Andrei: For those who don’t know about your work, can you explain how and why you ended up reporting from the Donbass?
Graham: Well, to be succinct, i moved to Kiev in the run up to Euro 2012, as a football fan, also to reboot my career, as a journalist. I worked there, in Kiev, for What’s On magazine, wrote freelance articles for several western publications also, and generally had a great time. But, i also noticed the rise of ultra-nationalism in Ukraine, in Kiev in particular, didn’t support this, and so left Kiev for Odessa in early 2013. Then, when everything began, in November of 2013, i was in Odessa, immediately spoke out against Maidan, so i was blacklisted by western media. So, i started writing blogs on the theme, one came to the attention of Russia Today, RT, they asked me on to do an interview, which i did. It went from there, developed a relationship with RT, over the months, doing interviews etc. Then, when they couldn’t get their correspondents into Donbass, Ukraine wasn’t letting Russians cross the border, in April of 2014, they contacted me in Odessa, told me to be in front of camera in Donetsk the next day, and stay there for a week’s work. So, i got in my car, made the 750km drive, got to Donetsk early morning of 8th April 2014, and went from there. For a few months i continued with RT, freelancing, then our relationship ended after my second deportation, in mid 2014. Actually, i felt they treated me badly at that time, i was deported from Ukraine by the SBU, after 3 pretty hellish days held captive by Ukrainian forces at Donetsk Airport, dumped at the border of Poland, banned for Ukraine for 3 years. I’d lost basically everything, including my apartment in Odessa, and RT also at this time basically abandoned me, on the streets of Poland, in late July / early August 2014. Actually, RT told me at this time i had ‘served my purpose’. I disagreed, continued myself, and have continued for the last 8 plus years, doing what i love, reportage, from the place i love, Donbass.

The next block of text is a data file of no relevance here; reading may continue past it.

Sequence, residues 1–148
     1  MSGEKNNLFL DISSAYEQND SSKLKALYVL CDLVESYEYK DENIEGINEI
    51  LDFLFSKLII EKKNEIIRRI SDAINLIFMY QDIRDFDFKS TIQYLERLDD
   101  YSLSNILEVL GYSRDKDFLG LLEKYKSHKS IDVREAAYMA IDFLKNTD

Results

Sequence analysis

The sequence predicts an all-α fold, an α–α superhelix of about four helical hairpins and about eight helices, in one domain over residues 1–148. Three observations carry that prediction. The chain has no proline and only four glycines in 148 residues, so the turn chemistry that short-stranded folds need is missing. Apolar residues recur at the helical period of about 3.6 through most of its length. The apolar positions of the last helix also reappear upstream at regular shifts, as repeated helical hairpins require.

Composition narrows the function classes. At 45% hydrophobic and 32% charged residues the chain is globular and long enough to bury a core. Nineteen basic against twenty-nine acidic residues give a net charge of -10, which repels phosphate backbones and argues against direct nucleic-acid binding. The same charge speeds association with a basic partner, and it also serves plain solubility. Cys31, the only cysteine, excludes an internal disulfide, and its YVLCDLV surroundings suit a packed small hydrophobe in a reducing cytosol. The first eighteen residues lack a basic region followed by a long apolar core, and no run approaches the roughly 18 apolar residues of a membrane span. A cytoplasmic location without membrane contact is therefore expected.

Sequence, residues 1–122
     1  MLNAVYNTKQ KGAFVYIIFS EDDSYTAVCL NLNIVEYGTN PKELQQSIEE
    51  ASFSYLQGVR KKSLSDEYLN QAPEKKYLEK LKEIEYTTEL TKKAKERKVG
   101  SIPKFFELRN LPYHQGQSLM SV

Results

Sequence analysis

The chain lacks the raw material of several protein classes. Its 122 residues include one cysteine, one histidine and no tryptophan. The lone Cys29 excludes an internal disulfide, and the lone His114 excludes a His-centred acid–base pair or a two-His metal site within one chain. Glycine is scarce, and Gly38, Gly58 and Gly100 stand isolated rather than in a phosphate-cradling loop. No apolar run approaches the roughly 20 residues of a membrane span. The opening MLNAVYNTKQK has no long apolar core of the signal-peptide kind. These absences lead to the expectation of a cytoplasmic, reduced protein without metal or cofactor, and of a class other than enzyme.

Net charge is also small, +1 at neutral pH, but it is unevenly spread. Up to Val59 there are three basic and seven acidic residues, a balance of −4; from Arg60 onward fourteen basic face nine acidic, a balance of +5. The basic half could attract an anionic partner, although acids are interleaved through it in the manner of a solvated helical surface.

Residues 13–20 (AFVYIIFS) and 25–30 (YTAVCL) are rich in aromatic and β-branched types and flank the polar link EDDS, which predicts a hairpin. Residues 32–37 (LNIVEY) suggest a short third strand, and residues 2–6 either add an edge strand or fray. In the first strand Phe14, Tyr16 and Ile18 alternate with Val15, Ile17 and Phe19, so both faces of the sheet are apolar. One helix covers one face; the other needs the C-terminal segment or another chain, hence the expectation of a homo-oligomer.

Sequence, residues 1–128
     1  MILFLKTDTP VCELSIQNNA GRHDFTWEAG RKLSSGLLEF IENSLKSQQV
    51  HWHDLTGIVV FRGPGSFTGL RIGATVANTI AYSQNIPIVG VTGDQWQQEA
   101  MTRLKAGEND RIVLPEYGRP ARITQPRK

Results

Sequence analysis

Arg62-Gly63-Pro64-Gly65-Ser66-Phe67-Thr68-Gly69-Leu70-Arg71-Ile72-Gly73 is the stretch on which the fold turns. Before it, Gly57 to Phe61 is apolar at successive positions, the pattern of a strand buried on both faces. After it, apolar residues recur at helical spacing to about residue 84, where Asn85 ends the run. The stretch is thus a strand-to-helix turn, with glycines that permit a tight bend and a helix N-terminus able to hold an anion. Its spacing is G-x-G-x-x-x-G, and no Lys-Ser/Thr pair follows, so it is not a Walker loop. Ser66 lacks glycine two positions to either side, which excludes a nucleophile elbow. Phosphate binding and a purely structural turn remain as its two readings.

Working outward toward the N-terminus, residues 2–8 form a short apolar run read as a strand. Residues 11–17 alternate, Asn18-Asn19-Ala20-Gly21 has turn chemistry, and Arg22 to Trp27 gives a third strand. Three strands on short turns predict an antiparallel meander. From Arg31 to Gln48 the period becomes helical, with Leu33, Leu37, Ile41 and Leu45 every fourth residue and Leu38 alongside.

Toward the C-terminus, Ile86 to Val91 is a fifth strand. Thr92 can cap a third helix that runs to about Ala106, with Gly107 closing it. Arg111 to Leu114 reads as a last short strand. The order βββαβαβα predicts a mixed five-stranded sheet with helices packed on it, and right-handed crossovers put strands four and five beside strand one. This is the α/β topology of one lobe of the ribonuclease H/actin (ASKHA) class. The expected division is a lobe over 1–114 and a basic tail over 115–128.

Andrei: You are now clearly persecuted by the British authorities, have you considered taking legal action in the UK or do you believe that the British courts are hopeless (as the case of Assange suggests)?